The `Liberty Press' edition I read included an excellent introduction by American sociologist Robert Nisbet. This extended essay includes personal biographical insights which indicate that `The Servile State' played an important role in the development of Nisbet's own stream of pluralist conservative thought, a line hitherto neglected by Nisbet's intellectual biographers. Nisbet, following Belloc, champions the role of intermediate institutions, between the citizen and the state, as providing the true institutional skeleton of freedom. Although usually characterized as a conservative, Belloc's Servile State played a critical role in influencing such radical non-conservatives as Dorothy Day and John Anderson, the founder of the Sydney left libertarian movement. This movement later spawned such prominent Australian international intellectuals as Germaine Greer, Robert Hughes and Clive James. Anderson, I believe, even attributed his rejection of Marxism to Belloc. One can easily imagine Belloc engaged in lively debate over drinks with these now prominent, if somewhat wayward, descendants.

Still `Servile State' is not purely a polemical book. It includes insightful historical analysis of the rise and decline of slavery in the west. It shows just how deep rooted and unpeculiar "the peculiar institution" has been. And just how poor most of the more popular explanations for it's survival across the centuries have been. The great myth of slavery is that it represented the permanent subjugation of defeated foreign enemies. Although prisoners of war were often enslaved, this source of slaves was statistically trivial. Belloc's explanation has the advantage of explaining the relative "success" of slavery, both in it's historical longevity and relative absence of social or intellectual critique. Slavery flourished as it provided a means to avoid poverty. The destitute would sell themselves and their descendants to provide for immediate needs. This piece of inconvenient history has actually become even more inconvenient since Belloc's day as the welfare state, and it's corresponding net of taxes, border controls and ID cards, has grown. Has 'democracy' allowed 'the masses' to sell themselves into state slavery on an installment basis?

The book touches on Belloc's own explorations of the role of Henry VIII's confiscations of Church property and it's redistribution to court favourites thus founding the great landed fortunes of England. Thus as Belloc notes in other books, establishing a powerful vested interest materially invested in the official anti-catholicism that held sway in the anglo-saxon world virtually for centuries. Belloc sees this act and subsequent actions pushed through by a state dominated by the same interests, for example, the enclosure of the commons, as tilting the development of English capitalism and industrialism against the now landless masses and proletariat. Propertyless masses are simultaneously prey to both the advocates of socialism and victims of economic instability. The servile state, Belloc hypothesizes, is built by these pressures from below and above. The most prominent capitalists have no problem aligning themselves with the state, however interventionist. This insight, offered in 1912, before the great wars and great depression accelerated the growth of big government, is perhaps the book's most accurate prophecy.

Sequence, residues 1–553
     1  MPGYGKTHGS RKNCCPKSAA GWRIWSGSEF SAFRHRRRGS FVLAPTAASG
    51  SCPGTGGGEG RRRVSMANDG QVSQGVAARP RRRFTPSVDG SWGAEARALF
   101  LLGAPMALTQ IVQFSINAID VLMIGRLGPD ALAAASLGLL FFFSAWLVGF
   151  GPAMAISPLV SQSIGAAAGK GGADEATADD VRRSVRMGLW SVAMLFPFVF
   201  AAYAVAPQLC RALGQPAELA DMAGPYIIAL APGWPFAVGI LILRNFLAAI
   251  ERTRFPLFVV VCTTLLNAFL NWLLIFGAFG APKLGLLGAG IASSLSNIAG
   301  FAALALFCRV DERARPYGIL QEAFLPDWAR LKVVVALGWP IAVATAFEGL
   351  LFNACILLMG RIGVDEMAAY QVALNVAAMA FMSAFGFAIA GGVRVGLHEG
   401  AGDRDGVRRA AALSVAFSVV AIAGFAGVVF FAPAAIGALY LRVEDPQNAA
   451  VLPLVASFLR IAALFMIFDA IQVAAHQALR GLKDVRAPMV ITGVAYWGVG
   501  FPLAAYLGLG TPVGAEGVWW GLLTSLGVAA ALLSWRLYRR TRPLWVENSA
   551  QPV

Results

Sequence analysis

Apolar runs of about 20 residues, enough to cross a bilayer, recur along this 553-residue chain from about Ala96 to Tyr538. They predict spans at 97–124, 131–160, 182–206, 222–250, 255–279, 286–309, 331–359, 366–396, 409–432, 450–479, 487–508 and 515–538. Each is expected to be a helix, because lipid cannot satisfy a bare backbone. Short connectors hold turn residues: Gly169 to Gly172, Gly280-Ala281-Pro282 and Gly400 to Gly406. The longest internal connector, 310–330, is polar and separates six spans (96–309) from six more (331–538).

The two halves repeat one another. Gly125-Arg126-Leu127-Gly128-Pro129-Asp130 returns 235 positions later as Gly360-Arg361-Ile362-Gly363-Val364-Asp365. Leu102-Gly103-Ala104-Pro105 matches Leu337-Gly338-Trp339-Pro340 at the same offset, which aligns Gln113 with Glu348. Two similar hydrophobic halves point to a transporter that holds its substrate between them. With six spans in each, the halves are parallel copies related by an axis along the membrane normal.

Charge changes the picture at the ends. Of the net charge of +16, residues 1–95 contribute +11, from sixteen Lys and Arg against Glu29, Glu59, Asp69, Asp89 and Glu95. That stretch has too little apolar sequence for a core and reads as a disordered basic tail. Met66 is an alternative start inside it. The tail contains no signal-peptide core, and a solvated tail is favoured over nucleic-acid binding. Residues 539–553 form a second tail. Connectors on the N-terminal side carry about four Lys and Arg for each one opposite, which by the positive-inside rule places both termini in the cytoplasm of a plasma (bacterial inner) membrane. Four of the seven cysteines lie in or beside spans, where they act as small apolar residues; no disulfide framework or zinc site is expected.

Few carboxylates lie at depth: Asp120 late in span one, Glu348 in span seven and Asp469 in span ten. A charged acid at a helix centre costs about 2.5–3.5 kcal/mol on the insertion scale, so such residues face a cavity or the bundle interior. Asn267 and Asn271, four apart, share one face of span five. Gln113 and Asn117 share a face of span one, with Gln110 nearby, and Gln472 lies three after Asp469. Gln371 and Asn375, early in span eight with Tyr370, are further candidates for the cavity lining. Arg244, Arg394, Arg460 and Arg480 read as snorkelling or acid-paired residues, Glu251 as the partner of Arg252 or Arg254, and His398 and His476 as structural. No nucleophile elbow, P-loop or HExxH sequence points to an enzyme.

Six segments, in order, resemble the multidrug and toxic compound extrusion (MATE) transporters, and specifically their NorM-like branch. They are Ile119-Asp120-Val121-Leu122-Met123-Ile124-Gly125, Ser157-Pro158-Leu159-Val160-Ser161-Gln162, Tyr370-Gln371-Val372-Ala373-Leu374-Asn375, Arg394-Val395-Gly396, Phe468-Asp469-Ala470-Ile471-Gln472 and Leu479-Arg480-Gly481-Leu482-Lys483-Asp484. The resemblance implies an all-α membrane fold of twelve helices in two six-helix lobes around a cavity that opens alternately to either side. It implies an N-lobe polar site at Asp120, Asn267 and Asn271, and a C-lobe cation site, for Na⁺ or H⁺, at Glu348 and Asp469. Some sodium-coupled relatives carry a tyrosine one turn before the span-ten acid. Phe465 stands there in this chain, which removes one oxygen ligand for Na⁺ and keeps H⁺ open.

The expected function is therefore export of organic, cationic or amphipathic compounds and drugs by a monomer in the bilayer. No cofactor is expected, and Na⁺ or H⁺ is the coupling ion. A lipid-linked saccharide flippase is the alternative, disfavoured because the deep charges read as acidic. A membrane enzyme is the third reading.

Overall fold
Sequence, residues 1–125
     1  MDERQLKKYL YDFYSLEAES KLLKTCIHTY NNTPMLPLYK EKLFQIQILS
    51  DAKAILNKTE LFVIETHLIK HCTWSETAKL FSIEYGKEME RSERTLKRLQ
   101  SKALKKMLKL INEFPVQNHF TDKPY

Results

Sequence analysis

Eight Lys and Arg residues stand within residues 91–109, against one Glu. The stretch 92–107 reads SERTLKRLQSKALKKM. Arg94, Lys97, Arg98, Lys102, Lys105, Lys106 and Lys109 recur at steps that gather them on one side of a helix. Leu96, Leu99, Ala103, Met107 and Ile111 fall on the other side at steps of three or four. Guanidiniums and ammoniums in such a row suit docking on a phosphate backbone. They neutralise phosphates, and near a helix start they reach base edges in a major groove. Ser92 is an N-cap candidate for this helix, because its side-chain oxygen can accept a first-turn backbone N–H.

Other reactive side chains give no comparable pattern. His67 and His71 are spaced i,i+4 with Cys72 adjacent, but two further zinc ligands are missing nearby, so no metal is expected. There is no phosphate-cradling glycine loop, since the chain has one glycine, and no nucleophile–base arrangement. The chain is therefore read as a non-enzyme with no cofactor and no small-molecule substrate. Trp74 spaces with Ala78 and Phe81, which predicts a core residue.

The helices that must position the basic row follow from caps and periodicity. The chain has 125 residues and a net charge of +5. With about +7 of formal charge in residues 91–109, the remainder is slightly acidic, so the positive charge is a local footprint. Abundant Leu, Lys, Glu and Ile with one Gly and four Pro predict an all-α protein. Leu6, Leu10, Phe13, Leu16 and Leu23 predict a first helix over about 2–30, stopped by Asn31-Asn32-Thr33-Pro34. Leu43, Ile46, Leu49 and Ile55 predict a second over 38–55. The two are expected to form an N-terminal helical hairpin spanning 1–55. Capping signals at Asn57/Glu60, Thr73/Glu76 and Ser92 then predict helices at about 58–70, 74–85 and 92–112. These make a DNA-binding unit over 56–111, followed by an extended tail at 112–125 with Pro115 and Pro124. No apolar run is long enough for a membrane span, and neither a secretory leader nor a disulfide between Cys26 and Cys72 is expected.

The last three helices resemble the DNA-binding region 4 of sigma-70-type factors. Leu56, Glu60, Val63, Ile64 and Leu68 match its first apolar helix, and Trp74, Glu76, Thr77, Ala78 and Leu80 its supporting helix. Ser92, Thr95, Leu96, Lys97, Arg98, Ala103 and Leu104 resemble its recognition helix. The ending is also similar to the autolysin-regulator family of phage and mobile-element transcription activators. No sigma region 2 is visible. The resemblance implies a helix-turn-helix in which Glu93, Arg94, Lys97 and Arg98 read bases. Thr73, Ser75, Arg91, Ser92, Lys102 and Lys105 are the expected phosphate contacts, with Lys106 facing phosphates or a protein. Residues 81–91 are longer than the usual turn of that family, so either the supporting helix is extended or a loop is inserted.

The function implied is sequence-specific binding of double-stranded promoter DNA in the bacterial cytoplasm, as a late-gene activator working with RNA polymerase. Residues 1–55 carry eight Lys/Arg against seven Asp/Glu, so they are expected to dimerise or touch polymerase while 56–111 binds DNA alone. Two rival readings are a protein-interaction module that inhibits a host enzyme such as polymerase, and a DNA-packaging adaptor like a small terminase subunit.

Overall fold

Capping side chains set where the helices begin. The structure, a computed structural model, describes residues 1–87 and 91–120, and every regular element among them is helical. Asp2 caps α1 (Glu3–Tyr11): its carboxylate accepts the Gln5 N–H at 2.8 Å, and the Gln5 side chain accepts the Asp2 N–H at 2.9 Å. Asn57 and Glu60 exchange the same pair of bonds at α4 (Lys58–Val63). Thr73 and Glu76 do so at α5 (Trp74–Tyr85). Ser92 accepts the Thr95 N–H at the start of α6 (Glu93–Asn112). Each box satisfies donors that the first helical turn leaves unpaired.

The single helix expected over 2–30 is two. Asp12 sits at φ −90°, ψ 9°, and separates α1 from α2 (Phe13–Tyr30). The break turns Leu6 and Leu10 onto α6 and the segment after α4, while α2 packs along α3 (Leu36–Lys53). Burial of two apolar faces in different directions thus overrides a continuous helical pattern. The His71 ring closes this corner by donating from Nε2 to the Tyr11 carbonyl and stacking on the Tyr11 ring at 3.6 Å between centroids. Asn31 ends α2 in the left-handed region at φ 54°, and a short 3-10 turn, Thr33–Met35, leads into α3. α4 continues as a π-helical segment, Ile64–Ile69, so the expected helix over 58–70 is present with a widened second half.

So has the growth of the modern welfare state proved Belloc's prediction of a new servile state? His prediction fails, although the 20th century did see new slave regimes under totalitarian guise, the liberal democracies did not evolve as far in the direction of forced labour as Belloc and later day followers imagined. But then again the dreams of the original founders and pioneers of welfarism failed too. The original welfare pioneers imagined a society of economic justice and security with the poor and homeless protected by impositions on the rich. They never foresaw a day when middle income earners would often be taxed at rates from 30 to 50% of their income with no apparent shift to egalitarianism. Although state enforced compulsory labour has not emerged (yet), Belloc's imagined servile future with a progressively disempowered mass and a surviving class of super-rich but politically well connected capitalists sometimes seems somewhat closer to modern reality than the vision splendid of the welfare pioneers.

Maybe we need to think of Belloc's book as a warning rather than a prophecy.
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on June 27, 2013
Belloc's »The Servile State« (TSS) is one of the key works to be read if you're interested in the debate about how to implement Catholic social teaching (CST), especially for someone interested in knowing more about the distributist (or distributivist) side of the debate. This is not to say that only Catholics will find TSS worth reading. Belloc's religious perspective aside, TSS should be read by anyone wanting to add a trenchant, too little know voice to the discussion of the history and nature of capitalism. In any event, Belloc's thesis is this: a) given its historical genesis in a society in which only a minority of the people owned lands and the means of production, b) capitalism inevitably tended and still tends towards an unstable imbalance between owners and workers; c) the only solution for this imbalance is either i) a socialization (nationalization) of all industries, ii) a return to the pre-capitalist mode of widespread productive ownership (what Belloc calls the proprietary or distributist state), or iii) a perpetual entrenchment of owners as socially benign managerial masters, on the one hand, and workers as well-cared-for wage serfs, on the other.